2003 Porsche 911 Targa

The 996 Porsche 911 Targa is a model that sometimes I forget even exists. They always catch me off guard when I see one come up for sale for the pure novelty of them and you paid around $10,000 more when new for a 16-square-foot view of the open sky. It also turned the rear glass into a hatch, which is an interesting configuration given the engine is in the rear too. Now that we are well over a decade into the glass roof Targa cars, many are shying away when purchasing these. Why? Well, the sliding glass roof is a precision instrument to say the least, and those precision instrument break and cost precision instrument money to repair. Seriously, if your power Targa roof stops functioning, you are looking at some invasive procedures by specialists who you should be happy are willing to do the job.

Still, while not fun to maybe buy, they are very fun to look at. Especially when one has 4,600 miles, is finished in paint-to-sample Atlantis Metallic, and even has even rarer Magnolia leather. Get ready to exchange your pile of dollars for some old fashion pounds, because if you want this one, a trip to Nottinghamshire, England is in order.

CLICK FOR DETAILS: 2003 Porsche 911 Targa at Parkway Specialist Cars

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2002 Porsche 911 Carrera 4S

For as uncommon as the color purple is to see on a car, the Germans weren’t shy about using it. We saw that last week with Carter’s 1995 BMW M3, Volkswagen with Violet Touch Pearl, and Mercedes-Benz with Almandine Black Metallic. Granted those colors are very rare and often by special request, but we are at a place where its so popular that this is a standard color on the GT3 RS. Today, we have a 2002 Carrera 4S in Paint-to-Sample Viola Metallic that, in my opinion, looks amazing. The wide body of the 996 C4S in this color? Sign me up. Although probably not at this price.

CLICK FOR DETAILS: 2002 Porsche 911 Carrera 4S at Ryan Friedman Motor Cars

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2019 Porsche 911 GT2 RS

Ever dream about walking into a dealer, picking out the most expensive model, then clicking every box on the option list? Even more, add in a bunch of other special requests and options that aren’t even offered and tell them to build you that. Well, that is exactly what the original owner of this 2019 Porsche 911 GT2 RS did. On top of the $293,200 base price, this owner added another $149,340 in options for a total price of $442,540. Yes, that is correct. $149,340 in options, $92,250 of which were the coveted CXX “Special Wishes” that needed to be approved by Porsche. Of course, it is finished in paint-to-sample Brewster Green and the interior? Have you ever heard of Noto Green leather?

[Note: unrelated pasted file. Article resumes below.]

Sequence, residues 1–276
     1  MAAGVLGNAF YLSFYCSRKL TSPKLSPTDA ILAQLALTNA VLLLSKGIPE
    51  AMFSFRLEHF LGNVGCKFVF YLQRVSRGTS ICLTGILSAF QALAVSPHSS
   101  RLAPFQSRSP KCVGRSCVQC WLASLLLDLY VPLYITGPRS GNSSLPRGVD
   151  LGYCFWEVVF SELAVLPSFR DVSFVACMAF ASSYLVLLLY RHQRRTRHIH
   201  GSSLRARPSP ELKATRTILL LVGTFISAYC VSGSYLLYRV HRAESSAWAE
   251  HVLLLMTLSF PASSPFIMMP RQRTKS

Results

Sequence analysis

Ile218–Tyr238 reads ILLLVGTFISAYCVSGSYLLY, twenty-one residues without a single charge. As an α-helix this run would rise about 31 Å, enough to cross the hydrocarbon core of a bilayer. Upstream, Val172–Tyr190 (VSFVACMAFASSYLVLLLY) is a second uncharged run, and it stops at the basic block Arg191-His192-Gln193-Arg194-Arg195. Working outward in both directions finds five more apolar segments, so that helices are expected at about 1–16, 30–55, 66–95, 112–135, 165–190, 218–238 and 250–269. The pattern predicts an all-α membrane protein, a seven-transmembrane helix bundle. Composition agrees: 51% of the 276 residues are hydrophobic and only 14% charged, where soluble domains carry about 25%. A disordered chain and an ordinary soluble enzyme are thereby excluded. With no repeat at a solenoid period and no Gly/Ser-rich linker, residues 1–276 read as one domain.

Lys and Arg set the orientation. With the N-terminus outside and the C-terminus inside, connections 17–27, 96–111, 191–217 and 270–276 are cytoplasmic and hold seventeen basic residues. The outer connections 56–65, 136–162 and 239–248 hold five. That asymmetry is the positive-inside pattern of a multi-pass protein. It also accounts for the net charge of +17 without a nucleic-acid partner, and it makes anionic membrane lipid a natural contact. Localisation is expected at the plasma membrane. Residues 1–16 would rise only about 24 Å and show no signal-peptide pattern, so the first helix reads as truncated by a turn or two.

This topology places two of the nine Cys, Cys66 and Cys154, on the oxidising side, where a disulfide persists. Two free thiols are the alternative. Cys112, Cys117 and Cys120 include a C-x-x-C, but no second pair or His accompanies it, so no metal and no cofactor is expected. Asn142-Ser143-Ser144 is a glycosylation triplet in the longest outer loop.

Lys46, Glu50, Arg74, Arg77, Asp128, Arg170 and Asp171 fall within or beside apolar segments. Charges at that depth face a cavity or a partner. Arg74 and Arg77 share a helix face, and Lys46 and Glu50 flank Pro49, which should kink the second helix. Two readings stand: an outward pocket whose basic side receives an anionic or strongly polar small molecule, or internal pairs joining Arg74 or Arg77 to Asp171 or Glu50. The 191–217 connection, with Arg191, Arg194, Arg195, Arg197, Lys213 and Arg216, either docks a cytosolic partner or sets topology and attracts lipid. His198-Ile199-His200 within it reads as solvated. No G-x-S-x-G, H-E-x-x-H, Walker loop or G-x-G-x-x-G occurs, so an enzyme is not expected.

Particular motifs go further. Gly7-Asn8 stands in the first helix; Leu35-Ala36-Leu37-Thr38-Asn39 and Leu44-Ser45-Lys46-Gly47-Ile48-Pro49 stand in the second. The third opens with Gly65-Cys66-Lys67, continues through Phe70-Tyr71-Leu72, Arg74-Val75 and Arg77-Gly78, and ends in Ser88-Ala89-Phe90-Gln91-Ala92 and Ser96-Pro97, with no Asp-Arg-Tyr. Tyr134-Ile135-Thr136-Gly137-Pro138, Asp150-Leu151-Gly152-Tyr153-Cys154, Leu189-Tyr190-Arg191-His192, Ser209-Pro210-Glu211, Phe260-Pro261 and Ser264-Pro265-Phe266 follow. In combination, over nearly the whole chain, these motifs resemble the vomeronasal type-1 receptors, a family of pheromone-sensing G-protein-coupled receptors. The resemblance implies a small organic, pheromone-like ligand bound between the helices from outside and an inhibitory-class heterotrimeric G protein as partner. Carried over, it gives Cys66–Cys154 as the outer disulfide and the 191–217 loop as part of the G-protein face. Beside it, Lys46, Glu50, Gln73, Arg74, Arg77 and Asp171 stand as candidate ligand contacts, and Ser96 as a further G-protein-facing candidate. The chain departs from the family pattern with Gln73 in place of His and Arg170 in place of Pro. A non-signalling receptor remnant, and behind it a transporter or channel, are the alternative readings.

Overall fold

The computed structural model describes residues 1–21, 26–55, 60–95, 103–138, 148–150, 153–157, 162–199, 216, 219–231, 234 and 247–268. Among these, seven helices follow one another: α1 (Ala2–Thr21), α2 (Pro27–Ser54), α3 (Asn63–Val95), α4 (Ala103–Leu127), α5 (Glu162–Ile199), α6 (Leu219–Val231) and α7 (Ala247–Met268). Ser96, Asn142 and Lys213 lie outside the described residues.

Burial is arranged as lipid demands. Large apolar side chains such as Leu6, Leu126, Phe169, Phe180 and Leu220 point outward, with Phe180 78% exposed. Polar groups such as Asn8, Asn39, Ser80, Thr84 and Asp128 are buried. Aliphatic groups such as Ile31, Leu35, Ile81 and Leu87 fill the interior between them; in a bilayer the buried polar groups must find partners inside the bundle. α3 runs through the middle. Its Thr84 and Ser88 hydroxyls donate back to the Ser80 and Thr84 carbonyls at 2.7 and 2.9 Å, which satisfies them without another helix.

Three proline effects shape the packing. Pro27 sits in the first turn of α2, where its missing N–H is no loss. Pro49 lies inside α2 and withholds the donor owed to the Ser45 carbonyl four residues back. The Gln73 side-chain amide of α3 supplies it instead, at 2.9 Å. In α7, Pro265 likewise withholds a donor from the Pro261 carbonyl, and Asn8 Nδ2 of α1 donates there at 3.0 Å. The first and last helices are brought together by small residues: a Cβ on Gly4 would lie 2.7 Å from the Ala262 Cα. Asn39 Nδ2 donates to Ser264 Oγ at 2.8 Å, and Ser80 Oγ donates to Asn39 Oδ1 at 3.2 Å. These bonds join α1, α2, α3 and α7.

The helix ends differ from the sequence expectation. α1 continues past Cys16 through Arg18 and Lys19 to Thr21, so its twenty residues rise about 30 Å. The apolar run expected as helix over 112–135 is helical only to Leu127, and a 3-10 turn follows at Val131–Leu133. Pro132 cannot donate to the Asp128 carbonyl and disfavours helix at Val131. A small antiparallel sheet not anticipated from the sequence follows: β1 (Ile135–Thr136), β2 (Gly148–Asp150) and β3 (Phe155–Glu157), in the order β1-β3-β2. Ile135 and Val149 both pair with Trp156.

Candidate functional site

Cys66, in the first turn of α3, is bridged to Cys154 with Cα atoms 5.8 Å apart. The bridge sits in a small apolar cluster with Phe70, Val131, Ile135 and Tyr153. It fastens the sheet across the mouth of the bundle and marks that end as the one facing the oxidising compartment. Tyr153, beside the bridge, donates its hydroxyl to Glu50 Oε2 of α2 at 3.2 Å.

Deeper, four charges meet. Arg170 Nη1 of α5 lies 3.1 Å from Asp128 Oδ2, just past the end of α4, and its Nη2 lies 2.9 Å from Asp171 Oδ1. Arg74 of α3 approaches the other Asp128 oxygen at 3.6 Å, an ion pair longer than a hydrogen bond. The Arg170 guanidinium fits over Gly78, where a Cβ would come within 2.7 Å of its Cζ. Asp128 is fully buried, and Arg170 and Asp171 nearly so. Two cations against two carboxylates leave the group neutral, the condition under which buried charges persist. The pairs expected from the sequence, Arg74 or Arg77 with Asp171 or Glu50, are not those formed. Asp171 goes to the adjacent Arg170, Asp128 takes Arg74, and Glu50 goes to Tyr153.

CLICK FOR DETAILS: 2019 Porsche 911 GT2 RS on eBay

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1978 Porsche 930

The 1978 model year was a big change for Porsche 911 Turbo as the turbocharged 3.0 liter was swapped out for a 3.3 liter with an addition of an air-to-air intercooler. That made an already dangerous car into one that was truly capable of ruining not only your day, but your life. Lifting while going around a corner would result in some pretty nasty snap oversteer, and if you aren’t ready for it or had some so so tires, watch out. Some people loved the absolute rawness and danger of the car, but personally I’ll take a pass. Still, every 930 from 1975 to 1989 is sought after no matter what the condition, thus resulting in big prices.

This 1978 might look familiar as we took a look at it a few years ago from when it was for sale under previous ownership. It is finished in paint to sample Medium Green Metallic, which pointed out previously is an old GM color. It has some wild green carpets to match, which of course results in a big price tag. Funny thing is, the price on this one actually went down.

CLICK FOR DETAILS: 1978 Porsche 930 on eBay

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2002 Porsche 911 Turbo